Hard work was evident during papal visit
Oct. 8 was a day for Marylanders to be proud. It was a day of near perfection. In my 38 years as a member of this community, I can think of no other time when so many of our people came together for a common cause.
The success of the event was not born of luck or even divine intervention. Its success was due to good planning and the hard work of tens of thousands of people and organizations.
This massive undertaking required the cooperative efforts of the Archdiocese of Baltimore, Catholic Relief Services, a multitude of federal, state and city agencies, local businesses, hundreds of parishes as well as individuals of all denominations.
My challenge to this community and all of its leaders is for us not to move on too quickly. We need to take time to reflect on the valuable lessons we have learned from this event and act upon them. Let the new levels of cooperation and goodwill generated by the pope's visit provide the framework for a greater tomorrow.
Pope John Paul II delivered an important message to each of us when he said, "Every generation of Americans needs to know that freedom consists not in doing what we like, but in having the right to do what we ought.'
Stuart D. Entwistle
A brief note commending the city of Baltimore for its highly organized, spiritually uplifting papal extravaganza. I was one of the very few, but very lucky, Virginians who got to attend John Paul II's Mass at Camden Yards.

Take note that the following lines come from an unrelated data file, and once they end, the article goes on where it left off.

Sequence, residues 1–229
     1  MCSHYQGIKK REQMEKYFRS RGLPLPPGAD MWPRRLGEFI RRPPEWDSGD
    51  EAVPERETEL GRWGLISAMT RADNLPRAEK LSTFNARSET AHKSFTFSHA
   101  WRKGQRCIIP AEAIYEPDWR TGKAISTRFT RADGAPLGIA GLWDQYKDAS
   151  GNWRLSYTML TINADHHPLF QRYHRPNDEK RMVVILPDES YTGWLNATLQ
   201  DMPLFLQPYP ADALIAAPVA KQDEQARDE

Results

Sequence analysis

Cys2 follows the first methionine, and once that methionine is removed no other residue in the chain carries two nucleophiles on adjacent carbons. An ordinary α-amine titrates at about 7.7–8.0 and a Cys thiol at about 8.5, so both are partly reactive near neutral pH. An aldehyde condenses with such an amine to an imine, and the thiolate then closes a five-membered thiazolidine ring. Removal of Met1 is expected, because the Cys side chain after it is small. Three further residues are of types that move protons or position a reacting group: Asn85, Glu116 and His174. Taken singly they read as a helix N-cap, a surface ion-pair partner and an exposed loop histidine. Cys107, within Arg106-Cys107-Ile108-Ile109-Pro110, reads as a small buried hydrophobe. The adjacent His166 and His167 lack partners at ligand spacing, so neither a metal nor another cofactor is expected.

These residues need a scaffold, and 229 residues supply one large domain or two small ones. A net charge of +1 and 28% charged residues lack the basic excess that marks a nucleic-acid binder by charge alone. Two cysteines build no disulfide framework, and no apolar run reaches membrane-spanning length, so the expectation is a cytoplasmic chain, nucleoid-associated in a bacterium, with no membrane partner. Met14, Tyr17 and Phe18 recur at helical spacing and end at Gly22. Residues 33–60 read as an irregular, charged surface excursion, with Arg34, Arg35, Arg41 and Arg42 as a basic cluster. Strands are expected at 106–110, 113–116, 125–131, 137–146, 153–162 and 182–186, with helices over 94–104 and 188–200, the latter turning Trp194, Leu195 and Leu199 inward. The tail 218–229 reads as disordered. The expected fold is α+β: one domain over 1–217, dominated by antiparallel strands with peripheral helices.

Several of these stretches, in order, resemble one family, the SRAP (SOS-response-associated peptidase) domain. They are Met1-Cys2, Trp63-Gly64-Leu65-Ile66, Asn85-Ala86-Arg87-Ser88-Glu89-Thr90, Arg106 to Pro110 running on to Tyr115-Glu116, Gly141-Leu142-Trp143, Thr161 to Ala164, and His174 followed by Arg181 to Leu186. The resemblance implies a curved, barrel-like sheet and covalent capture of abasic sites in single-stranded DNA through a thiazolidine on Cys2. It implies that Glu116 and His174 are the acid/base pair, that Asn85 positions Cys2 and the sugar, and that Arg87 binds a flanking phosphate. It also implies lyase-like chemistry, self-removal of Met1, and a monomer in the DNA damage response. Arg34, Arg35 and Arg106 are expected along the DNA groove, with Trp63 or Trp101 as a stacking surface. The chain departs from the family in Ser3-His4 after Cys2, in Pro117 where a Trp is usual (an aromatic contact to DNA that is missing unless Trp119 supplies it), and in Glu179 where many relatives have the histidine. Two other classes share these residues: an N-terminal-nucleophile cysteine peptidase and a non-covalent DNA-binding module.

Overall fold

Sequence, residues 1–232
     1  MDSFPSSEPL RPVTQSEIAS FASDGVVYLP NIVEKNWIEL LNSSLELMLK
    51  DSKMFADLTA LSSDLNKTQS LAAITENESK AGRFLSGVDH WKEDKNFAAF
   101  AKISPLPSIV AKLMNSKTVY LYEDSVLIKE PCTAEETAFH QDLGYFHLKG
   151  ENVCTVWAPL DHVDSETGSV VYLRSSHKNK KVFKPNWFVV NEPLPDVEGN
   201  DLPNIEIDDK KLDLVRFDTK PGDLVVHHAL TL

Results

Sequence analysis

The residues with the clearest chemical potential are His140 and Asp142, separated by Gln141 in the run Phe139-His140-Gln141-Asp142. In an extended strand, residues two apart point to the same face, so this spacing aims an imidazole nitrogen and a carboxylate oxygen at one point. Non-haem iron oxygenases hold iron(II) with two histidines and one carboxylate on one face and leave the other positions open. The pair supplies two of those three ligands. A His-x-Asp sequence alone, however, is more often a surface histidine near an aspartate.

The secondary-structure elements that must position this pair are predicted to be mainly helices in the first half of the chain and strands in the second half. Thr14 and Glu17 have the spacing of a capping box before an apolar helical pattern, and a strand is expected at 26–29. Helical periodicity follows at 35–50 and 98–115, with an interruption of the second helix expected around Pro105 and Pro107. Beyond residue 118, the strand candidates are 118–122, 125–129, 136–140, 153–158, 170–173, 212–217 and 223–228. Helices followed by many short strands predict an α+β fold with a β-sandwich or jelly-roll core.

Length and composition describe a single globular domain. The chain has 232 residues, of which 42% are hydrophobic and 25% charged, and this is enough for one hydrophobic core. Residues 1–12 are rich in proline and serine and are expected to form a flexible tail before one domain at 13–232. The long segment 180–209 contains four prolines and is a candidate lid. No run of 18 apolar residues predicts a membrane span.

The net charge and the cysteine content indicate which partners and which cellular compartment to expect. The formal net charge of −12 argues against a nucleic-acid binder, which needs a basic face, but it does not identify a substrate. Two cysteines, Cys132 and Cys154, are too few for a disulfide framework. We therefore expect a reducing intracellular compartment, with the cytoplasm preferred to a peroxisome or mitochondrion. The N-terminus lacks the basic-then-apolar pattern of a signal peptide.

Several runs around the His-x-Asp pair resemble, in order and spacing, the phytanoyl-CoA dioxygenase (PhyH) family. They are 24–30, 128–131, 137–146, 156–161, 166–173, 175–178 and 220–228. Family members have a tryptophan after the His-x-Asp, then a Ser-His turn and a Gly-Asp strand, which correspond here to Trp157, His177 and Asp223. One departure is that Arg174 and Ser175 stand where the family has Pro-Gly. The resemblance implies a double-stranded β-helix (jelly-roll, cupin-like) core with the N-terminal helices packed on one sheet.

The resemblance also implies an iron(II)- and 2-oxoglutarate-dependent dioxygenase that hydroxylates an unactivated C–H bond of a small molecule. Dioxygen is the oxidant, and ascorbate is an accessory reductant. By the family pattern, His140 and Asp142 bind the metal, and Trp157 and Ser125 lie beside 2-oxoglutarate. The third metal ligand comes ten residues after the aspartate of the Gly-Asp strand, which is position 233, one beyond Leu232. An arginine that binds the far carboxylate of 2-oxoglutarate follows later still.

From the wonderful hand-slapping music of the Urban Mass Choir prior to the Mass to the orderly departure of the spirit-filled crowd, the day was a complete success. To Cardinal William H. Keeler, the many organizers and volunteers and, most especially, the people of Baltimore, heartfelt thanks from a grateful member of the flock.
Julie Galloway Yanchulis
March is bigger than Farrakhan
In his Oct. 8 column, Barry Rascovar took aim at Mayor Kurt Schmoke's planned participation in the Million Man March. I am outraged by the suggestion that Mayor Schmoke is "sending the wrong message" by endorsing the Million Man March.
From my perspective, the Million Man March is aimed at celebrating the successes of African American men and liberating more African American men from what keeps us away from our roles as leaders in our families, communities and the world at large.
Everyone should want African American men to excel. Just as many African American men wish well for all communities. Such excellence is beneficial for the good of our entire society.
-! I understand that some people
in the Baltimore community have problems with Louis Farrakhan. I see Mr. Farrakhan as a positive African American man. Additionally, the Million Man March is much larger than any individual.
Kane should read before he writes
Gregory Kane should have read his own newspaper before he complained about the "stones left unturned" at the conference I organized on the scientific, social and political issues raised by research on genetics and criminal behavior (Sept. 30).
Mr. Kane implied that the conference focused on criminal behavior by blacks and ignored the long history of repressive white violence against blacks. In fact, as Douglas Birch reported (Sept. 23), "[Conference participants] will debate whether even raising the issue of a potential link between genetics and criminal behavior betrays a bias based on class and race."